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Starting a Business in the U.S.: A Non-Citizen’s Guide

Doing business in the U.S. is as exciting as it is daunting.

It’s the largest economy of the globe, with a GDP of approximately $20.513 trillion—that’s ten times India’s GDP, even though the population of the U.S. is one-fourth of India’s. It’s hardly a surprise, then, that the country magnetizes entrepreneurs to its shores every year.

Immigrants and the U.S. economy in a nutshell (2018 data)

  • Population of immigrant residents in the U.S.: 44,760,622
  • 13.7% of Americans are immigrants
  • Immigrants paid $458.7 billion in U.S. taxes
  • 3,246,495 immigrant entrepreneurs
  • 7,975,310 employees work at immigrant-owned firms

And here’s the big one. 44% of the 2020 Fortune 500 companies were founded by either an immigrant or the child of an immigrant.

According to a Kauffman Foundation report, an immigrant is one-and-a-half times more likely than native-born Americans to start a new business. Their zeal to begin afresh pushes them to route their risk appetite in ways that generate new business ideas.

No wonder that they founded 44 percent of the Fortune 500 companies. And it is not just the large corporations. More than 3.2 million immigrants run America’s many small and medium-sized businesses that employ millions more.

Business: A Path to Realizing the American Dream

For many migrants, business is a means of realizing their version of the American Dream.

Technically, non-U.S. residents can start a business in the U.S. However, they would face many hurdles to fund, recruit, or earn from the company. However, for those who have a million dollars to invest, the EB-5 visa offers a way.

Those who have a business outside the U.S. that is more than a year old and with at least four employees who can apply for an L-1A visa. An E-2 visa is also an option. The gifted ones could get an O-1 visa.

However, most immigrants would typically wait to receive their green card to start a business. Yet, there are several among them who take the plunge.

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Claims Process Overview

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Checklist for Starting a Business

    1. Get an attorney: Small businesses and immigration rights advocates recommend consulting an attorney, irrespective of your resident status, before starting a business.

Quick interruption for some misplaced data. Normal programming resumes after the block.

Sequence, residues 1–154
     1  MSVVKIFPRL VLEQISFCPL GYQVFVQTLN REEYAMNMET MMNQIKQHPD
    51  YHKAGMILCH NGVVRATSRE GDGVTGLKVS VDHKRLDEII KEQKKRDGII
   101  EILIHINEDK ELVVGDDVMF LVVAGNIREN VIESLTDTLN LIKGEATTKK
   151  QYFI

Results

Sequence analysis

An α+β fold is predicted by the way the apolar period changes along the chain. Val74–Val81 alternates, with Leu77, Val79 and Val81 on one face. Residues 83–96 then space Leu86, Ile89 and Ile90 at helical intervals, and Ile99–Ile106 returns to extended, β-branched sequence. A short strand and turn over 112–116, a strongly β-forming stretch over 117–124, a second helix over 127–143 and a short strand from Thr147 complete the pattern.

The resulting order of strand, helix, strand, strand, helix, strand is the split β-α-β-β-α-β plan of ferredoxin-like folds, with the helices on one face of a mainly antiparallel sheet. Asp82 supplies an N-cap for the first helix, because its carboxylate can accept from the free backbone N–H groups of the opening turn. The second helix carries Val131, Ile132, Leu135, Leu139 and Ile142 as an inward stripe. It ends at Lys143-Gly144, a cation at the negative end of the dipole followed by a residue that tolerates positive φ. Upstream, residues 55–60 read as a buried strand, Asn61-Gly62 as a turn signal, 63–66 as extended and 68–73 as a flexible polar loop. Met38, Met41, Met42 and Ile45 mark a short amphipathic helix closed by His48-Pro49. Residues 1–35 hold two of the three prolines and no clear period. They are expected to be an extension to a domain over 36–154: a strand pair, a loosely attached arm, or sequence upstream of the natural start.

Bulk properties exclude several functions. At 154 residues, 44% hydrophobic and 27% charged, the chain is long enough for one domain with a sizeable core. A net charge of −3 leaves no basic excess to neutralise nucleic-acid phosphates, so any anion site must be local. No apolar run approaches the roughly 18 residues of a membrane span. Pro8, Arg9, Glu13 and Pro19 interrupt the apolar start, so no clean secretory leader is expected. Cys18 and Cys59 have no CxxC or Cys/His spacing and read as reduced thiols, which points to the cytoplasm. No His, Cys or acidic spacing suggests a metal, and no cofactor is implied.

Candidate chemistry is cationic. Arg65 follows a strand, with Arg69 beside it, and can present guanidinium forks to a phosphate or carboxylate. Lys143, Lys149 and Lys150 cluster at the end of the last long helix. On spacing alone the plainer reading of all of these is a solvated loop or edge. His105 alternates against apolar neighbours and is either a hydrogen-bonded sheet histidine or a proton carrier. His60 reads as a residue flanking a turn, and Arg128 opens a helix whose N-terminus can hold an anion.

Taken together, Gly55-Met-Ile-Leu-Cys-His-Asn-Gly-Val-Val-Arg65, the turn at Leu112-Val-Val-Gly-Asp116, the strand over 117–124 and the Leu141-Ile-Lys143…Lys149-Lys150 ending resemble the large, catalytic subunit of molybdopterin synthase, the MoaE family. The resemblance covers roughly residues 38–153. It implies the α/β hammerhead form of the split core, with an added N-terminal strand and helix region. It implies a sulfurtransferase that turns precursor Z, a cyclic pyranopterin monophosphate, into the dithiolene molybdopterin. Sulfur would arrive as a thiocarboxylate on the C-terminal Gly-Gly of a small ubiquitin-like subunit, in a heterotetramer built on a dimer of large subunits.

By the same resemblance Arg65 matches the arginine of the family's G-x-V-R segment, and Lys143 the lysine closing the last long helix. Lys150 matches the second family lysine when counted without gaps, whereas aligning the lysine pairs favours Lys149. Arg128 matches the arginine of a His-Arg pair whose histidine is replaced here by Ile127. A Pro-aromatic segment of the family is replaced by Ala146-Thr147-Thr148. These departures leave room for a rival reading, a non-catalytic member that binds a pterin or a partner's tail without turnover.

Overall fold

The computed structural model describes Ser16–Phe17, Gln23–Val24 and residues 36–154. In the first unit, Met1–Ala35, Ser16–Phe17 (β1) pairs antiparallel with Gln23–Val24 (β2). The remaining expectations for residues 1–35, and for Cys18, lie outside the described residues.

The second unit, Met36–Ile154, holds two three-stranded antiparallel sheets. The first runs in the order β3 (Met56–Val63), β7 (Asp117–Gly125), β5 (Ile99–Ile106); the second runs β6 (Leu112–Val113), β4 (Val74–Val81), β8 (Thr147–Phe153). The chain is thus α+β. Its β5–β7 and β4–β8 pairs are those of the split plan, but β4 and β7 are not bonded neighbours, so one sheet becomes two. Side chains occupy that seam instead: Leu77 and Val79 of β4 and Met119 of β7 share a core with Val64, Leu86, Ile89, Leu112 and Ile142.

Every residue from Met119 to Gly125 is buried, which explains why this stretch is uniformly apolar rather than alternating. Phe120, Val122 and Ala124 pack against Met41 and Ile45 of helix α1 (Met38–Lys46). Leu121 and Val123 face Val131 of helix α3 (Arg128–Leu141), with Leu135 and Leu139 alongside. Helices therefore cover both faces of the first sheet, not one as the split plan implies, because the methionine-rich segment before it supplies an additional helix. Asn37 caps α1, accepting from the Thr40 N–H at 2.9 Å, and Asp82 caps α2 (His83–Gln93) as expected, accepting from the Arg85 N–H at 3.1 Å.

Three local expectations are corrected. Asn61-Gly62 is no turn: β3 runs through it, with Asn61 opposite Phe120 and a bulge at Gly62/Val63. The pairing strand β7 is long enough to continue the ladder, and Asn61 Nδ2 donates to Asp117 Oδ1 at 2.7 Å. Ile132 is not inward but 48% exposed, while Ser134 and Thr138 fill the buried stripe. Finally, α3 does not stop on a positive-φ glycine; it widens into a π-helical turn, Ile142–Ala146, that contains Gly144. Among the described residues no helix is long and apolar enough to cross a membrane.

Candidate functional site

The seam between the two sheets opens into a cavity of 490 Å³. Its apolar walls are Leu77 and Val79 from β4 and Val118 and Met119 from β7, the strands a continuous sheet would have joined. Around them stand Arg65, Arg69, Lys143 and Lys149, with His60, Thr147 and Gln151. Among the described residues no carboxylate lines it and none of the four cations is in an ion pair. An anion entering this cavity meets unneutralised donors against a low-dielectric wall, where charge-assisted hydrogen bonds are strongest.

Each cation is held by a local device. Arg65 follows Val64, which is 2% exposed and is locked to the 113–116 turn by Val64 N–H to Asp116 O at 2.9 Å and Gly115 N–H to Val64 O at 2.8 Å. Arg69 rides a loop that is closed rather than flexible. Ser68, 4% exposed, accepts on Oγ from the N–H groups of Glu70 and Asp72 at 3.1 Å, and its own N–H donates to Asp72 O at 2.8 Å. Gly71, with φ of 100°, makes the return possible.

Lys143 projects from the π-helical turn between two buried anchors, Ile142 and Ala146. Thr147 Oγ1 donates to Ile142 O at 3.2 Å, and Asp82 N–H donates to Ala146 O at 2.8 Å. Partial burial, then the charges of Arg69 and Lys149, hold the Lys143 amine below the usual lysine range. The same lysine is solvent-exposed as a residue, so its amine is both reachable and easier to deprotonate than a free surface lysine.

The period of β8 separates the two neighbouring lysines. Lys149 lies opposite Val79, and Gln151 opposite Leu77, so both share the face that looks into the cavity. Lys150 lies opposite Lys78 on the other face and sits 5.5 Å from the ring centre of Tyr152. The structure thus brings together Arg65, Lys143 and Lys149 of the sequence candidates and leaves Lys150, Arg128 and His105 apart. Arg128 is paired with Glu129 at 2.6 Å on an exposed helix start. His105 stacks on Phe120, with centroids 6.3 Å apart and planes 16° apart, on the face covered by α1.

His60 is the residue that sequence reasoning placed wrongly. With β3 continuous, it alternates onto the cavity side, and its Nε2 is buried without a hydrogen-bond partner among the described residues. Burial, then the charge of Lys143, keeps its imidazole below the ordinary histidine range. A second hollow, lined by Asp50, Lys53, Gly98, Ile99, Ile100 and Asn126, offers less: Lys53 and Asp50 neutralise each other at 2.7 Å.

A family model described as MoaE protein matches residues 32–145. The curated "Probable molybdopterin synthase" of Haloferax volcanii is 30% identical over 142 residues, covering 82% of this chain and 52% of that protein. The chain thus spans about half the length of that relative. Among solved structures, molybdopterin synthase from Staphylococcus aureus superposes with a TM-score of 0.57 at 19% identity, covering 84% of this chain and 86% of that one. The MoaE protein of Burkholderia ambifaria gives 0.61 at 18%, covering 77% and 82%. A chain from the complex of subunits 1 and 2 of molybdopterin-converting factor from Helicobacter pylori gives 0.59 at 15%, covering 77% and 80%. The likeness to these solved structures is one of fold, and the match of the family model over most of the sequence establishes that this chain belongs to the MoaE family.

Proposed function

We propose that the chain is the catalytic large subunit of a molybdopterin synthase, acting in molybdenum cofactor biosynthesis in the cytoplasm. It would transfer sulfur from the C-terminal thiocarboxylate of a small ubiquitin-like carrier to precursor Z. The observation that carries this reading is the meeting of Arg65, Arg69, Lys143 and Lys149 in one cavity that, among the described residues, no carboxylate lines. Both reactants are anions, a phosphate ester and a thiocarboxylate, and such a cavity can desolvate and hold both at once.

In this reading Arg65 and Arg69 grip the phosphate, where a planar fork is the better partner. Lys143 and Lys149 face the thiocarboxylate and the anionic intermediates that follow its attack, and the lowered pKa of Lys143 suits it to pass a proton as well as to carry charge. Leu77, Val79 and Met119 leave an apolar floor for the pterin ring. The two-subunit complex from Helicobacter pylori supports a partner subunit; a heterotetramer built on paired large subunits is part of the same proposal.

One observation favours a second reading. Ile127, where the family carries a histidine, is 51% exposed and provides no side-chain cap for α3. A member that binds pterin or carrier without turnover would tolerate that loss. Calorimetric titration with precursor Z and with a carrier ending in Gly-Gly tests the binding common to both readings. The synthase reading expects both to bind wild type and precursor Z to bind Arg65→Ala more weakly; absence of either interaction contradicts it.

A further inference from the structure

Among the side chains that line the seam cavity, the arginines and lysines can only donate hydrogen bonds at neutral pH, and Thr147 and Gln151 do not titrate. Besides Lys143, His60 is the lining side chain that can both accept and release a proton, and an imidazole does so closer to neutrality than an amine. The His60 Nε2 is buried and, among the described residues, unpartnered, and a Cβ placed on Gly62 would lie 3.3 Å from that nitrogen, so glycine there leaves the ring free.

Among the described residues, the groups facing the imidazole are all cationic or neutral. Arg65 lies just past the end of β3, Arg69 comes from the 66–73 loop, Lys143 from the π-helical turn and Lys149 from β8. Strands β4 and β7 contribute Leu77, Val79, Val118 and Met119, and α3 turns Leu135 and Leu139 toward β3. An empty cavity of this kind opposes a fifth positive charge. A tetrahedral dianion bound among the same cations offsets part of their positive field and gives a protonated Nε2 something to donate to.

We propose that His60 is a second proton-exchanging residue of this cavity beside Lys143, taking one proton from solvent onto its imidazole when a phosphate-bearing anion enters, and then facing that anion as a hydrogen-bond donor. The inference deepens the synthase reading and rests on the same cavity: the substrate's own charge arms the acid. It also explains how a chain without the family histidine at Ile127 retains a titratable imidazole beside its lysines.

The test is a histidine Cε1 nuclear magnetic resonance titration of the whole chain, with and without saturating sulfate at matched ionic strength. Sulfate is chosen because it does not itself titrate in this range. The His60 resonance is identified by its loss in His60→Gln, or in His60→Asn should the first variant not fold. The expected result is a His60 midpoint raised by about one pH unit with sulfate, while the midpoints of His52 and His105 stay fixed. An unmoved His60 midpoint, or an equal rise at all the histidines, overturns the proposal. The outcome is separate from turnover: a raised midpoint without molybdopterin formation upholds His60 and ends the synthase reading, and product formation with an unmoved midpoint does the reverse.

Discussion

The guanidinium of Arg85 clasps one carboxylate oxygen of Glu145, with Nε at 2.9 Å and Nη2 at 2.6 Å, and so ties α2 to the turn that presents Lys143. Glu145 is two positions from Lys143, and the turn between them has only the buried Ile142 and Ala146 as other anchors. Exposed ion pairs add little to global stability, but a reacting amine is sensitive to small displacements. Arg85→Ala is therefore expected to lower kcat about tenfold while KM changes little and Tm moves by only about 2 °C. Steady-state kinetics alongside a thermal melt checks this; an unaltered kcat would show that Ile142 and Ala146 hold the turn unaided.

2. Select a company structure
    3. Register your business’ name
    4. Get a tax ID number
    5. Get the right licenses and permits

Laws Governing Businesses in the U.S.

Both federal and state laws regulate firms in the U.S. Federal regulations govern patent and copyright domains, while employment, transactions, and others are within the jurisdiction of individual states. But predominantly, it is the state laws that impact businesses the most.

Some More Statistics Worth Knowing

One million immigrants arrive in the U.S. every year.

  • According to a Pew Research report, 129,000 Indians landed on the American shores in 2018.
  • Today, Indians form almost 1 percent of the total U.S. population.
  • Indians owners form 10 percent of the main street businesses run by immigrants.

Statistics regarding the self-employed:

  • 15 million Americans were self-employed in 2015.
  • They and their workers form 30% of the American workforce.
  • Of these 15 million self-employed workers, only 3.4 million employ other staff members.
  • 9.5 million ran unincorporated companies.
  • 29 U.S. states had lower self-employment rates than the national average.
  • Montana had the highest self-employment rate; District of Columbia, the lowest.
  • Maine has the highest number of unincorporated companies; District of Columbia, the lowest.
  • Montana has the highest number of incorporated companies; Tennessee had the least.

Popular Occupations for the Self-Employed

According to U.S. Bureau of Labor Statistics, in 2015, the construction and extraction industries had the most self-employed unincorporated companies (14.8%). Management, business, and financial industries followed (9.7%). Sales and related occupations were next (7.8%).

Among the incorporated, self-employed, management, business and financial trades lead the chart at 8.9%, followed by sales and related occupations (5.8%).

We’ve presented this data so you know:

  • How successful immigrant business owners have been in the past
  • Which industries they’ve thrived in
  • Which states have shown a more conducive ecosystem for self-employment and entrepreneurship

These numbers will help you direct your research in the right direction. Remember, the biggest difference between starting a business in India as compared to in the U.S. is that you can’t cut corners and then expect complete support from the government machinery to help you start up.

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For visitors, travel, student and other international travel medical insurance.

Visit insubuy.com or call +1 (866) INSUBUY or +1 (972) 985-4400